Not Your Father's Talmud

Rabbi Adam Chalom of Kol Hadash Humanistic Congregation in suburban Chicago explores the Talmud from a Humanistic perspective, one page a day.

Location: Highland Park, Illinois, United States

Rabbi Adam Chalom is the Rabbi of Kol Hadash Humanistic Congregation in suburban Chicago. He is also the Assistant Dean for the International Institute for Secular Humanistic Judaism.

Sunday, July 31, 2005

Shabbat 90 – What is Hidden Away

As we have seen, many items are prohibited to take from private to public space in certain quantities, but smaller quantities are allowed. In today’s page, we see a list of materials of which ANY amount is prohibited: various kinds of spices and metals, long pepper, and so on. On some level, this kind of absolute prohibition makes somewhat more sense then the “pocket police” or the guilt-stricken individual trying to measure a fig’s size worth of nutshells to determine if a violation has been committed. The most interesting items of this list are old scrolls and their covers, and pieces of the misbeakh [altar] and its stones, because we get a reason WHY they should not be taken out – they are only taken out from a place in order to be “hidden away” [l’gonzam], so they cannot be removed on Shabbat.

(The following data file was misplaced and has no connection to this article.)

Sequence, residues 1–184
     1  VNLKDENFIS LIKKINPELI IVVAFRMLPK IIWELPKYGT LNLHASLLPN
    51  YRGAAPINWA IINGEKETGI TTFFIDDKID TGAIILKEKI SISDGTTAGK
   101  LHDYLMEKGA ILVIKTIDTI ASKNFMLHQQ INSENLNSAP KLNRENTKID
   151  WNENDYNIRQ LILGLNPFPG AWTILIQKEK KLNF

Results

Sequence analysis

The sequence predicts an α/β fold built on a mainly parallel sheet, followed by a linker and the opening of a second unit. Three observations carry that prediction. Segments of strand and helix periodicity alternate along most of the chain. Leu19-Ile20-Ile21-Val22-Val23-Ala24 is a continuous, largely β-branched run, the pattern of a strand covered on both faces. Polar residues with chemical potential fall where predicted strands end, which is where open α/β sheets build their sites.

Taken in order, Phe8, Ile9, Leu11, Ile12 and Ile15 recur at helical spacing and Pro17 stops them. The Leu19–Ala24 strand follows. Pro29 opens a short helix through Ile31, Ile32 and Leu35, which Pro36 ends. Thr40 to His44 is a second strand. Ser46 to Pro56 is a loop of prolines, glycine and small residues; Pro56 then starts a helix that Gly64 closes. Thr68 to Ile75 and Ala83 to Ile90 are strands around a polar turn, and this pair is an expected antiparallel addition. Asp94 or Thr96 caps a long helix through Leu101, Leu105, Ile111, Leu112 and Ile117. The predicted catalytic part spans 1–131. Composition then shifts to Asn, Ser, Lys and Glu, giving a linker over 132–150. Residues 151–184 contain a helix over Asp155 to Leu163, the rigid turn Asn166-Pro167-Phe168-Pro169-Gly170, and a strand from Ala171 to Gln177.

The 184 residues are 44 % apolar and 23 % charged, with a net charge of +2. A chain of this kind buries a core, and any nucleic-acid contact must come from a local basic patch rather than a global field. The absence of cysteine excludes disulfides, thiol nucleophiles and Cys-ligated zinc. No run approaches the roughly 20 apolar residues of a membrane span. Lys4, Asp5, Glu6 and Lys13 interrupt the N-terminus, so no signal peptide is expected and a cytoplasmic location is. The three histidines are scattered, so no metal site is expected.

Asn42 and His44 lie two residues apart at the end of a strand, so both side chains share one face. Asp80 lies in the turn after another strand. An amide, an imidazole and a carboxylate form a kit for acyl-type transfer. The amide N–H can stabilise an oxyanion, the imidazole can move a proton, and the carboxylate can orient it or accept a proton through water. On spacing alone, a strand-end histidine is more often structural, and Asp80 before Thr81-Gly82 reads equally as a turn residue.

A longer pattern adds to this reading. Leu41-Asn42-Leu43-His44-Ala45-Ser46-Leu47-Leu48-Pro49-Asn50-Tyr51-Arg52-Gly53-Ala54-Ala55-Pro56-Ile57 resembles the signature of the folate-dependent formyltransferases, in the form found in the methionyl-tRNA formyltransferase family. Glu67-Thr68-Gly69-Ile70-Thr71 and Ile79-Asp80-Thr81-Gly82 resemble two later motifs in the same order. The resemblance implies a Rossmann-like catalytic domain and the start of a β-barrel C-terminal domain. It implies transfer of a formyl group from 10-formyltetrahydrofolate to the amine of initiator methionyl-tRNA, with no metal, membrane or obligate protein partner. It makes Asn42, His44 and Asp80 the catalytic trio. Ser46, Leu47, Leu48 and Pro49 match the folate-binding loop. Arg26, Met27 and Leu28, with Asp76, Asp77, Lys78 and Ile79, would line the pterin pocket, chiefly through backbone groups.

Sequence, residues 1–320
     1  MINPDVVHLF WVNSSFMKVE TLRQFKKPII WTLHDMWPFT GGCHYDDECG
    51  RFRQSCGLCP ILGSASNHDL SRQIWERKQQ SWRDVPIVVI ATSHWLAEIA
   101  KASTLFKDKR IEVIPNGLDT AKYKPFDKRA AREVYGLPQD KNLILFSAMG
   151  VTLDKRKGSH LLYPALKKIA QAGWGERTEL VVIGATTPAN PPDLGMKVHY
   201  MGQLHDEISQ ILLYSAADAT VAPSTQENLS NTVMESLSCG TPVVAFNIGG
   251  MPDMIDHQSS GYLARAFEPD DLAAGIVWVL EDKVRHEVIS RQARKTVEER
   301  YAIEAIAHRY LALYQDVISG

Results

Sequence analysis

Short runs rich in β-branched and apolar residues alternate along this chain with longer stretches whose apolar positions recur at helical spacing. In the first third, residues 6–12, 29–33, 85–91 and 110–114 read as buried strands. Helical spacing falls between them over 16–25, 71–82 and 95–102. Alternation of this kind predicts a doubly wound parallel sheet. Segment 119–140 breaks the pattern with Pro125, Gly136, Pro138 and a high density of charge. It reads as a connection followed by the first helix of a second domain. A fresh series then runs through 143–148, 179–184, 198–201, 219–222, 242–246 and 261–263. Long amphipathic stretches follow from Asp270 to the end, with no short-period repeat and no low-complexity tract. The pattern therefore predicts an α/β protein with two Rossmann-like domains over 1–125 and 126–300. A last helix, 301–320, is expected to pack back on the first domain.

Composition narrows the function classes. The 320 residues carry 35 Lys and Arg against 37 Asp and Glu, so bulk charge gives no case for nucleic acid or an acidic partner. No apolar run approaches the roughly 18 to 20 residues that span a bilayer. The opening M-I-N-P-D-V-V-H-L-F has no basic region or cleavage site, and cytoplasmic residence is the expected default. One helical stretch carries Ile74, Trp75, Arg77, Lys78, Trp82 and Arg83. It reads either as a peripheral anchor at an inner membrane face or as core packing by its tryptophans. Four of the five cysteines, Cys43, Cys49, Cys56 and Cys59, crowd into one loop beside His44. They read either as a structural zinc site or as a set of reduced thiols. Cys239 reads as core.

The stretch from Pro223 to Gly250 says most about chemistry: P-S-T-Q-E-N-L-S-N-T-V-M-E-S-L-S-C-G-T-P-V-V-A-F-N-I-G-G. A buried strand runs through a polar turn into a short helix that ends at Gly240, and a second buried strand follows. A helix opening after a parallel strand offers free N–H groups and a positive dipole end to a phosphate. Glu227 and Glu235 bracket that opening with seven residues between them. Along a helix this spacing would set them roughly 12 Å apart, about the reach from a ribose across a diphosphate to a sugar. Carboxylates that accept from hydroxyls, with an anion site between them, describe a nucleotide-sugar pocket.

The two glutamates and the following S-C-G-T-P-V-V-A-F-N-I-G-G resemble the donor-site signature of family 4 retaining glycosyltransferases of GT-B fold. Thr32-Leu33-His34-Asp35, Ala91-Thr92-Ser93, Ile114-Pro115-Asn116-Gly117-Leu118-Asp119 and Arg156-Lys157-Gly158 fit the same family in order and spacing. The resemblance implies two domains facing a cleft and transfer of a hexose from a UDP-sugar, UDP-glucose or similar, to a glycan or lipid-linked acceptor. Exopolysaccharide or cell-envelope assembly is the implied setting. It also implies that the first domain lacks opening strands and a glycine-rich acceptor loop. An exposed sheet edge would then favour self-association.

This tradition of “hiding” or burying old holy items, particularly books, is not particularly explored in this Talmud page, though it will be on Shabbat 115a. Because that later page is full of detail of what goes in and is excluded from a geniza [where the holy books are hidden or buried], this is a good opportunity to highlight the most exciting result of rabbinic superstition in Jewish history. In short, to avoid “taking the name of YHWH in vain,” the Rabbis enacted that texts with God’s name, like Torah scrolls or prayerbooks, should be disposed of in a geniza rather than simply discarded, destroyed or reused.

In 1896, Solomon Schechter, then a scholar of Rabbinic Judaism at Cambridge University, was shown a couple of papyrus fragments that two (non-Jewish) women had bought on vacation in Cairo. He immediately recognized them as fragments of the Hebrew original of the Wisdom of Ben Sira, a book up to that point only known to modern scholarship in a Greek translation. In fact, before that moment many scholars had believed that Ben Sira was originally written in Greek and the claim of translation was a fake! Schechter discovered that the fragments came from the geniza of the Cairo Jewish community, and he managed to transfer the bulk of what was there to Cambridge by 1898. It turns out that the Ben Sira text was copied in the Middle Ages from an older original, but fragments of a more ancient Hebrew Ben Sira were found in the Dead Sea Scrolls over 50 years later.

This Cairo Geniza has proven to be a treasure trove of Jewish documents from the Middle Ages of all kinds, for the Cairo Jewish community began to “hide” not only holy books but also letters, contracts, liturgy, and just about anything on paper! Thus an unofficial archive of medieval Jewish life was the end result of Rabbinic fear of disrespecting the divine name by throwing it out. Who could have guessed?

Rabbi Adam Chalom